Perhaps it was inevitable that Sonos would follow up its free internet radio aggregation service, Sonos Radio, with a pay-for high-resolution version. Sonos promises to deliver music encoded in 16-bit FLAC for just $7.99 per month, starting today. But before you pour one out for services like Qobuz and Tidal that charge more than twice as much for the same quality, realize that this is radio, not music on demand. You won’t be able to call up your favorite artists, albums, or tunes whenever you get the hankering to hear them.
Update: Sonos announced an expansion of its Sonos Radio HD offering during the 2021 CES, including a number of new artist-curated stations. You can read the news in this story.
That said, you can poke around the hundreds of stations until you find something that fits your vibe. And unlike typical radio—via the internet or over the air—most of the music streaming on Sonos Radio HD will be free from ads (I’ll explain that “most” part in a bit). The subscription fee will also entitle you to skip tracks you don’t care for and replay ones that you do. The objective is to create a lean-back listening experience that encourages music discovery, according to the Sonos spokesperson I talked to.
The paid service will be accessible only on the Sonos S2 app, and will initially be available only in the U.S. and the U.K.. As with its existing Sonos Radio—which will remain available on both the first- and second-generation Sonos apps—Sonos says it will offer exclusive content and artist-curated stations that are more than just playlists. These will include all the stations on the free Sonos Radio—streamed in higher resolution, of course—plus new stations that will be exclusive to the paid service.
The company plans to add five new artist-curate stations early next year, which will join the likes of Radiohead frontman Thom Yorke’s In the Absence Thereof…, Alabama Shakes’ singer Brittany Howard’s Encyclopedia of Brittany, and Jack White’s Third Man Records record label’s Third Man Public Address System. First among these will be Dolly Parton’s Songteller Special (Parton’s show will also be available on Mixcloud).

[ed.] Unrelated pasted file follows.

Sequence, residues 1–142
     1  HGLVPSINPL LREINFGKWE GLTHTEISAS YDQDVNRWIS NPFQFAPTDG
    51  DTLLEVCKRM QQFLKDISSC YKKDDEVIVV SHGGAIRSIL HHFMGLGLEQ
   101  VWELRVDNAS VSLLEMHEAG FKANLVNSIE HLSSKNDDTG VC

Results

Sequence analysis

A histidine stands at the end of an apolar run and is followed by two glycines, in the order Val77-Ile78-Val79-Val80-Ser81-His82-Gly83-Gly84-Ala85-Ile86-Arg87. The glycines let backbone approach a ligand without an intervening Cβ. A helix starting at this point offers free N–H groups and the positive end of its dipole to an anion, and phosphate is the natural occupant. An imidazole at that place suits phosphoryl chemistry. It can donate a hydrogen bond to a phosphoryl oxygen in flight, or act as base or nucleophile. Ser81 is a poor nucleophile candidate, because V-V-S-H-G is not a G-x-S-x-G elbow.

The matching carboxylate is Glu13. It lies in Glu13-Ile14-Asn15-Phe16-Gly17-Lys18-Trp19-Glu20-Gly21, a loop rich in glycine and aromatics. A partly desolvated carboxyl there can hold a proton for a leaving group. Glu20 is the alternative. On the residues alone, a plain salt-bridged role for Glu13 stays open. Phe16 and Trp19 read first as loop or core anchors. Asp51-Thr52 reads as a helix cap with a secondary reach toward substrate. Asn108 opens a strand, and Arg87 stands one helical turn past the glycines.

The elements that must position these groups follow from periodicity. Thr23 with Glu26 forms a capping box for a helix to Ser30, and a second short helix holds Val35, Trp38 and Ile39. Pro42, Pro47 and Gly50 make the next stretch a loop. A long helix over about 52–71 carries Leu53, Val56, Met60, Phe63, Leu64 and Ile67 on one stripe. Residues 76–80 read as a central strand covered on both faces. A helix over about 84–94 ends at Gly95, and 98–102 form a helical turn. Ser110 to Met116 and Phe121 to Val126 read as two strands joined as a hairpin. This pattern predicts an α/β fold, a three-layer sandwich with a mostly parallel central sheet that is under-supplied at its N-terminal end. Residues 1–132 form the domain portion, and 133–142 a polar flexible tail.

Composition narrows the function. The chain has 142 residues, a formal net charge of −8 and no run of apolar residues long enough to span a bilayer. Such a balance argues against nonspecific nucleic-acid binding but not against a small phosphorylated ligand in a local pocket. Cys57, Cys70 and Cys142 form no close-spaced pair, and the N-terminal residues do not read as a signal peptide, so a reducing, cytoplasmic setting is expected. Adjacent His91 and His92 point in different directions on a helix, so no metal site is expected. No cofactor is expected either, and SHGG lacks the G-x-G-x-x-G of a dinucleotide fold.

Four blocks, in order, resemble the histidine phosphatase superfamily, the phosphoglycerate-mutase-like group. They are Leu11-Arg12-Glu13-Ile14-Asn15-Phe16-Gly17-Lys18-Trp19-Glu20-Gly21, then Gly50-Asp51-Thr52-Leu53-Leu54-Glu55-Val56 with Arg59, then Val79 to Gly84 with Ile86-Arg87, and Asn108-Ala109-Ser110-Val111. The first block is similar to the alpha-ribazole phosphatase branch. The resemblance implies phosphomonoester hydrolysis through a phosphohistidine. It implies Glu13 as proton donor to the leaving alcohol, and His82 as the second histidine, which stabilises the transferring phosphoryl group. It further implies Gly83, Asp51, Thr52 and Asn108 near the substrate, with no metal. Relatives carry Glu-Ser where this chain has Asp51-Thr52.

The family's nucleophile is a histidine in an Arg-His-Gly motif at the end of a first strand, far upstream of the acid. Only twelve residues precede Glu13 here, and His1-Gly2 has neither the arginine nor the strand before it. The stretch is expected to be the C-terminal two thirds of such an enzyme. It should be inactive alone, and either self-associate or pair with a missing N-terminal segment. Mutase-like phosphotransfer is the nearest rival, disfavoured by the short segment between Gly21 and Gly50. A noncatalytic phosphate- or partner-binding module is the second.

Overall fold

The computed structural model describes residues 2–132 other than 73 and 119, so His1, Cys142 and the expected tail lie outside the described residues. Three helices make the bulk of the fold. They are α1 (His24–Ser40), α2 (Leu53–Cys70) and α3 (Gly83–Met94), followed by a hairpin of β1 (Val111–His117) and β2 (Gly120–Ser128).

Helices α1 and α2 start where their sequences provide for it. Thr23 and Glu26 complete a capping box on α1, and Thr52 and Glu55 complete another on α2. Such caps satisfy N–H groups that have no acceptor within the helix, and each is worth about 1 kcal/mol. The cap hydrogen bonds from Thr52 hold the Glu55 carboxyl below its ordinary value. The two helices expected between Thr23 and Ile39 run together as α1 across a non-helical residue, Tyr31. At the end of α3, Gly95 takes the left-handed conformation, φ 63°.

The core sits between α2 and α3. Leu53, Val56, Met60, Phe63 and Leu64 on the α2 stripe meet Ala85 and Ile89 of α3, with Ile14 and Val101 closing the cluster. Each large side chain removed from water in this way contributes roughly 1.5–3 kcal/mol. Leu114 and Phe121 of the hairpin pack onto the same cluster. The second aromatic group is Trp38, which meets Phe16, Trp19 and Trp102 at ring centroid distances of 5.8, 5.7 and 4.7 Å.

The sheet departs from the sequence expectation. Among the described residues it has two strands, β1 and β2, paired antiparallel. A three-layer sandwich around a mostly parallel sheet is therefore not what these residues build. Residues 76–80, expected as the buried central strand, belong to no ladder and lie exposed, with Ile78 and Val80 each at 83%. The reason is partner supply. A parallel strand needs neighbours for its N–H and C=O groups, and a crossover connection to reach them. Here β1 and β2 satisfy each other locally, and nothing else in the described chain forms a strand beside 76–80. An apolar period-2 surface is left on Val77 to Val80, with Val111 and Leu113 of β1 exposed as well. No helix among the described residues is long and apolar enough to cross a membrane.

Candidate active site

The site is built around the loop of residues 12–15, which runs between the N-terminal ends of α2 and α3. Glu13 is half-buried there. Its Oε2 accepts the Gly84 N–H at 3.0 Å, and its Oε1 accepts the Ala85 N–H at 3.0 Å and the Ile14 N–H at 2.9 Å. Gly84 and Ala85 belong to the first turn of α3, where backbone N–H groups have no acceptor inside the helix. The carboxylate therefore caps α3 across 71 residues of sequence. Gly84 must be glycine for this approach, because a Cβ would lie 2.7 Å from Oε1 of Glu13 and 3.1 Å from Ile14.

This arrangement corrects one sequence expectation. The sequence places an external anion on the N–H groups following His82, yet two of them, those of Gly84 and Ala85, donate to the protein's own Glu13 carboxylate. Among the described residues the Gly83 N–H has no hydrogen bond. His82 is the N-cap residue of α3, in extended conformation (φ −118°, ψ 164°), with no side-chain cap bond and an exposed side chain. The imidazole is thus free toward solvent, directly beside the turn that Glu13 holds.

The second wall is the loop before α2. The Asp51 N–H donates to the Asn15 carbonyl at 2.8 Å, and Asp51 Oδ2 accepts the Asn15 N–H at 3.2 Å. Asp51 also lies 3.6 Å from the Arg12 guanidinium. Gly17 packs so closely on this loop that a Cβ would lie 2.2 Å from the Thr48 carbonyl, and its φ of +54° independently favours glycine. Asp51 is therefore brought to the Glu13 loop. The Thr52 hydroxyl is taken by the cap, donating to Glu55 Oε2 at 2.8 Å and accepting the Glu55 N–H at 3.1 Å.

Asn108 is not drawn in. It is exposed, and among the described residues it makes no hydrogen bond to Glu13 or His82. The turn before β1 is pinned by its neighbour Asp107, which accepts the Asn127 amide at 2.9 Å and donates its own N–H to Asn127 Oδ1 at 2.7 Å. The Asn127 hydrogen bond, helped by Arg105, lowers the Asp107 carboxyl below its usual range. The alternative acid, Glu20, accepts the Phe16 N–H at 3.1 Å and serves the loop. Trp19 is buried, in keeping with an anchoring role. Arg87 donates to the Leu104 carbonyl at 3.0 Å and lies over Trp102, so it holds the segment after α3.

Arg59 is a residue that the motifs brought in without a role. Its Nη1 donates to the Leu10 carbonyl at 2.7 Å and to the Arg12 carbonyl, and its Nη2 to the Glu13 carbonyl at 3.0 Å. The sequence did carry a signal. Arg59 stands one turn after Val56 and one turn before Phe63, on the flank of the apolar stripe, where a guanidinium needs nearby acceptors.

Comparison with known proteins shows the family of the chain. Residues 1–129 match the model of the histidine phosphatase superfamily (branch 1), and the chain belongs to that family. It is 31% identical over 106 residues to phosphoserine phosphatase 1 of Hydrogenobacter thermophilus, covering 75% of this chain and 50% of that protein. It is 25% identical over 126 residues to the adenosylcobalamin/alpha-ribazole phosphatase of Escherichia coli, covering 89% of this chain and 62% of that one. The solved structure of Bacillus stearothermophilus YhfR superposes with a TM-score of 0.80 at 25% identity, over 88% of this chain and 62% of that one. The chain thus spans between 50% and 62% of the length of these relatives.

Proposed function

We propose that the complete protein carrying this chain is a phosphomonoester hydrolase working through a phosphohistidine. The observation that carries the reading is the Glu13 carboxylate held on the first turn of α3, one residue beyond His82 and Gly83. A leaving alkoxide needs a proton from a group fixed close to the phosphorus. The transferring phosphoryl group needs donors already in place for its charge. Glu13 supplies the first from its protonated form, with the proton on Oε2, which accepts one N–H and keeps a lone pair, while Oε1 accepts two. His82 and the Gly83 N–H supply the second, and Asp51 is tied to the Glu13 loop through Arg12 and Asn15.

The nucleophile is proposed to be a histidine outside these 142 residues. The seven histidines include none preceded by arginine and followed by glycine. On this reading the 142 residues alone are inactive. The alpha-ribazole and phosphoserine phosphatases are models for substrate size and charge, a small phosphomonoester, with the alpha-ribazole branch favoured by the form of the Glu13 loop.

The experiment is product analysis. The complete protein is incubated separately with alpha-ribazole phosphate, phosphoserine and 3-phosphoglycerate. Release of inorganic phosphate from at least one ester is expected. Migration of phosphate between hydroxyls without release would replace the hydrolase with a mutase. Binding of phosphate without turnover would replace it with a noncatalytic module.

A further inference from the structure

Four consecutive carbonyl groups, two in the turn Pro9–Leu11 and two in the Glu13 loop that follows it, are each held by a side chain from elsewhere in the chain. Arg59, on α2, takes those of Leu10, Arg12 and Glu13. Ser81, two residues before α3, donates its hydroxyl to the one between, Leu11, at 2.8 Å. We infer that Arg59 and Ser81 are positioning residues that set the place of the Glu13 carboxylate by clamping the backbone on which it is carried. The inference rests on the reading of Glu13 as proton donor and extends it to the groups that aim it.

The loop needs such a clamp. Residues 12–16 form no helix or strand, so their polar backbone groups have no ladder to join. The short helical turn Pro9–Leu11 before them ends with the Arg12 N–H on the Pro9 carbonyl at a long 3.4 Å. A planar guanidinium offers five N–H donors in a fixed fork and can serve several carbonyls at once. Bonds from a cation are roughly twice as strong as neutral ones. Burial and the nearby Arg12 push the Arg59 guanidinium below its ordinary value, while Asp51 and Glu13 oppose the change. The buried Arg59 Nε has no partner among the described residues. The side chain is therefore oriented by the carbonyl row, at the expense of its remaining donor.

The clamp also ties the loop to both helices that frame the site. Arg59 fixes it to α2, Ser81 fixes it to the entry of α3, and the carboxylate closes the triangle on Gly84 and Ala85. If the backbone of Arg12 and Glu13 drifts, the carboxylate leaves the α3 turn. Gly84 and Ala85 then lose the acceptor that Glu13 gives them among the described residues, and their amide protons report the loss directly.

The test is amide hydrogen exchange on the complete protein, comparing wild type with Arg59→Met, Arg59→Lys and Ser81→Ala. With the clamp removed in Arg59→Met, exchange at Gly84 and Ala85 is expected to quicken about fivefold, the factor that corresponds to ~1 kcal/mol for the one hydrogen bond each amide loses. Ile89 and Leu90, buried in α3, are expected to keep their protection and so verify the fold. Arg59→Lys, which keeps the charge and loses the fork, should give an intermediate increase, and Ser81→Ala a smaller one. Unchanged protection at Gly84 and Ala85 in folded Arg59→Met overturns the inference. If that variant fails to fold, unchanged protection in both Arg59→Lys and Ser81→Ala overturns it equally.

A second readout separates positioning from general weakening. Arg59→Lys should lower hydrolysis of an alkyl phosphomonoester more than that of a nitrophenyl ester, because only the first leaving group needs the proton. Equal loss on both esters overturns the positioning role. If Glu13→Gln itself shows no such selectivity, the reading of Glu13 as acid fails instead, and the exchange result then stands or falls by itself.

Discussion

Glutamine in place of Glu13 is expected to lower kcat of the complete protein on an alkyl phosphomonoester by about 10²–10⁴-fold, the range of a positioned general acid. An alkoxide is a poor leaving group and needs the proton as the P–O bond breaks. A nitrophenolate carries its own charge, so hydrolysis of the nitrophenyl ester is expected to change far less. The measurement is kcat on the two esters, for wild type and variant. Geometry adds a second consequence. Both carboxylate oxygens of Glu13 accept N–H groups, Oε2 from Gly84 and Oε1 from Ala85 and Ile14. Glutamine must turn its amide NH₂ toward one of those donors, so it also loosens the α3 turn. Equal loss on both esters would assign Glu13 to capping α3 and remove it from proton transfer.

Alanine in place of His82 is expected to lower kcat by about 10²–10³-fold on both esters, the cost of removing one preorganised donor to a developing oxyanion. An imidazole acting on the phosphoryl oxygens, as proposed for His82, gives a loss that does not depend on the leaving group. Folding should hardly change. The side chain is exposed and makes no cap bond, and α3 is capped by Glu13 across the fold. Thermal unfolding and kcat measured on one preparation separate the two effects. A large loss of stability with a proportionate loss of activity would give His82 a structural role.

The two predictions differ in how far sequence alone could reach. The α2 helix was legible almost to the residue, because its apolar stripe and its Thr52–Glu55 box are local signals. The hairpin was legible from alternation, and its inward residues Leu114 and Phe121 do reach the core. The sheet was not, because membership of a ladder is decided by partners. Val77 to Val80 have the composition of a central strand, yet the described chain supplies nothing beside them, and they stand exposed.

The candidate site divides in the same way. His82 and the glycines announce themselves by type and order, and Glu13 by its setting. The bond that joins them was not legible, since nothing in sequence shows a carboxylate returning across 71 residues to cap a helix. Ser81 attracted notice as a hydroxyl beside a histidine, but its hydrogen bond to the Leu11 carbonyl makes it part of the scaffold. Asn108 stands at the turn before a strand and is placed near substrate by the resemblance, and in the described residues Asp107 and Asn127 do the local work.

To celebrate the launch of Sonos Radio HD, the company is adding new content to the ad-supported free tier and expanding its availability to five new countries. The HD service is getting seven new high-resolution channels: Distant Kingdom (an eclectic mix of music from around the world), Full Symphony (classical music, of course), Mellow Morning (acoustic sets), Unforgettable (jazz classics), Chill Beats (hip hop beats and “mellow grooves”), Americana Ramble (folk, country, bluegrass), and The Inner Now (ambient and environmental tracks suitable for meditation, focus, and rest).
Now, for an explanation of that “mostly free from ads” comment Sonos Radio HD will also carry feeds from 60,000 terrestrial radio stations, most of which are ad supported, so those ads will play. Those stations also control the quality of their streams, so don’t expect the same pristine experience you’ll hear from the custom and curated stations.
Sonos is offering a 30-day free trial of the service, and we think Sonos users should give it a listen.
Michael is TechHive's lead editor, with 30+ years of experience covering the tech industry, focusing on the smart home, home audio, and home theater. He built his own smart home in 2007 and used it as a real-world test lab for product reviews. Following a relocation to the Pacific Northwest, he is now converting his new home, an 1890 Victorian bungalow, into a modern smart home.